Set in a town somewhere in the South, here is the story of a community of black people searching for the healing properties of salt who witness an event that will change their lives forever. Some of them are centered, some are off-balance; some are frightened, and some are daring. From the men who live off welfare women to the mud mothers who carry their children in their hides, the novel brilliantly explores the narcissistic aspect of despair and the tremendous responsibility that comes with physical, spiritual, and mental well-being.
Wonderful prose, not so much on the storytelling.
I haven't changed my mind on that one, either.
The Book Report: Velma is a healer's worst nightmare: a failed suicide depressed by life and Life. Minnie and Old Wife, who is Minnie's spirit guide, work to heal Velma's wounds both inner and outer, in the course of this novel.
And that, mes amis, is it.
My Review: Which is kinda the problem. It makes this gorgeous incantation of a tale into a pretty tough swallow. Interiority can be overdone. Bambara's enraged response to the world of 1980 (when this wa first published) was perfectly justified, as she saw coming the horrors we presently live through in the never subtle, never hidden class warfare counterattack begun after Nixon's crash and burn. Velma is a computer programmer, a telling detail that Bambara clearly wants to remain a detail, who can't cope with the workload...prescient much?...and whose entire world centers around *yawn* an unworthy man *cue 21st-century Serious Lady Lit music* so she loses her inner Old Wife just like Minnie did.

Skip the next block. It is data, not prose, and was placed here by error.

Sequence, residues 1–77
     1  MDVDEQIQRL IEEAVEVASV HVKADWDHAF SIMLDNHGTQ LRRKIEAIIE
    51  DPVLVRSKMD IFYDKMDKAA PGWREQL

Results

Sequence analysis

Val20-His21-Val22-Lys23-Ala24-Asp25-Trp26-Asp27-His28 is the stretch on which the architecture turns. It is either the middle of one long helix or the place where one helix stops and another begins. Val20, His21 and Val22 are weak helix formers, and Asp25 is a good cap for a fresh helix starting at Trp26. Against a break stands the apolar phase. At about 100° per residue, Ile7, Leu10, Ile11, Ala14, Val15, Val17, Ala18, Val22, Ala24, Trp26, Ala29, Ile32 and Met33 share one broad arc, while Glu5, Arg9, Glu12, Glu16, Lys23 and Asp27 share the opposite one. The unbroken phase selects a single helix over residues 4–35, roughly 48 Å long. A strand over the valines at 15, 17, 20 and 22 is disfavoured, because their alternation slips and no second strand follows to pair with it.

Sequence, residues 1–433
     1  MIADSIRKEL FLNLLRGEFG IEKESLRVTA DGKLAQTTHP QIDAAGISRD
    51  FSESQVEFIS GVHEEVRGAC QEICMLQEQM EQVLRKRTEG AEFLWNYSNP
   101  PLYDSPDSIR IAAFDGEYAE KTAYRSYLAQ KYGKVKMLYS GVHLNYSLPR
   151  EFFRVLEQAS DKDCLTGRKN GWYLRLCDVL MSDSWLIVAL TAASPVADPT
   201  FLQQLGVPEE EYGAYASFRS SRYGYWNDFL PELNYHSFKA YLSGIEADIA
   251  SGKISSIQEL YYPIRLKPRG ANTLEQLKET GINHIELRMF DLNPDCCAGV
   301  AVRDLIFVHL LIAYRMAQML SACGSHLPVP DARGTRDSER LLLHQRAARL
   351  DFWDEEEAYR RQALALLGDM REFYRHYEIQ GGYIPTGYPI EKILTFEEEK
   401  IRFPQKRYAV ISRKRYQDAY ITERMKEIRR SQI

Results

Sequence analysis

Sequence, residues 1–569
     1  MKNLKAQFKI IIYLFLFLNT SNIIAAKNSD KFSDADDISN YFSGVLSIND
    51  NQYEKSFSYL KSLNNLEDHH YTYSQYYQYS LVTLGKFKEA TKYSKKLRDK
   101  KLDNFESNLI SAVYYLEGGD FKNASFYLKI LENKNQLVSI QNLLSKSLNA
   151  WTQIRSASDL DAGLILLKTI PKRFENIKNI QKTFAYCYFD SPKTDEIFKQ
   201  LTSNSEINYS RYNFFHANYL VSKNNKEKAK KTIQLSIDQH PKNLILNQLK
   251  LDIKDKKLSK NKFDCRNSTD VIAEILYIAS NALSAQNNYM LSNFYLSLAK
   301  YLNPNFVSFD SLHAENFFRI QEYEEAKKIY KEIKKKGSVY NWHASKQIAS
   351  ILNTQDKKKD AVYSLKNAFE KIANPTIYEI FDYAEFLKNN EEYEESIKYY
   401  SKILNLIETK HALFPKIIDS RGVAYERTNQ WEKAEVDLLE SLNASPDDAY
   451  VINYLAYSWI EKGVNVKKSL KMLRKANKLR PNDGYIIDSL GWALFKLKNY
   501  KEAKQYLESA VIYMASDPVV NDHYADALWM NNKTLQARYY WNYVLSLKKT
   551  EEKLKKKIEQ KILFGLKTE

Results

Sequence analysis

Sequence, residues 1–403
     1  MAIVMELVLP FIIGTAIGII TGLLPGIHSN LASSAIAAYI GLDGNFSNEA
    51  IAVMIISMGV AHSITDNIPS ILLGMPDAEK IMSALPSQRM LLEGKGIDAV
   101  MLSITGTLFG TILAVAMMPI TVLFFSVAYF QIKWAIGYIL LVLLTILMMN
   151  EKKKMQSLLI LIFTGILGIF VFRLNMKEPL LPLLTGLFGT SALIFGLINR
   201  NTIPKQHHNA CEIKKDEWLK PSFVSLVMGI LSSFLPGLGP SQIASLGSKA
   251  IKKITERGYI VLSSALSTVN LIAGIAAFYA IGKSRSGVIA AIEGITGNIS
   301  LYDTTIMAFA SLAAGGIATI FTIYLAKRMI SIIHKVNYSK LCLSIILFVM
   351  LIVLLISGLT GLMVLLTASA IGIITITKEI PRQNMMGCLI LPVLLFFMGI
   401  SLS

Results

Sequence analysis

Minnie is a daughter of privilege, a former Bible college attendee, and now a root woman who talks to haints. I love Minnie and Old Wife with a passion! They are the kind of ladies I want to live next door to, so I can go over with a plate of blondies and a bottle of bourbon and talk about Life to them.
But loving them, and loving the loooooooooooooong internal monologues that Minnie and Old Wife share as they work to heal dull little Velma, does not make this book a novel. In French, it would be called a récit: a simple internal narrative, usually in past tense, with one PoV. It's an excellent récit, and a ~meh~ novel.
Recommended for language lovers, Southerners, and white people wondering what the fuss about African American literature is.